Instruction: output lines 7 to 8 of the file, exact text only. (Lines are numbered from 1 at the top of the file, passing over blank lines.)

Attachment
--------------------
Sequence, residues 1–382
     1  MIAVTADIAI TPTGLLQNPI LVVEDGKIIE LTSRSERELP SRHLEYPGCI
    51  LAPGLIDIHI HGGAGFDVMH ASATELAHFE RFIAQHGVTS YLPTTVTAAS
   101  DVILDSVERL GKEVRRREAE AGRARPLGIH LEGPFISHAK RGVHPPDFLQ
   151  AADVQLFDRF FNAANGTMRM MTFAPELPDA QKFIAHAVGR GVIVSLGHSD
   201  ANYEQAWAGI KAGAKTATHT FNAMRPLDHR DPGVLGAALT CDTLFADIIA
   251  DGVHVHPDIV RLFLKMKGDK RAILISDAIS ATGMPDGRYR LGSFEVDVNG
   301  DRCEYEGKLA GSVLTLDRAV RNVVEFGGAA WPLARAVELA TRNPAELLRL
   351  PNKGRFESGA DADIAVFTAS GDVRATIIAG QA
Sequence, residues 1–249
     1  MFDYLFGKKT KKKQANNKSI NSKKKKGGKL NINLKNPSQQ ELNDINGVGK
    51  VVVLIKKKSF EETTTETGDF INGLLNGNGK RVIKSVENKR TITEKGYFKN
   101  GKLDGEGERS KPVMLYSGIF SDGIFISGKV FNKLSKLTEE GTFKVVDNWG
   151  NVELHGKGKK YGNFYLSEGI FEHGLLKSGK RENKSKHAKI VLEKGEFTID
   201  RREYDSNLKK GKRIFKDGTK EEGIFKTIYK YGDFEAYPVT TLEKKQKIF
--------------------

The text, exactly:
   251  DGVHVHPDIV RLFLKMKGDK RAILISDAIS ATGMPDGRYR LGSFEVDVNG
   301  DRCEYEGKLA GSVLTLDRAV RNVVEFGGAA WPLARAVELA TRNPAELLRL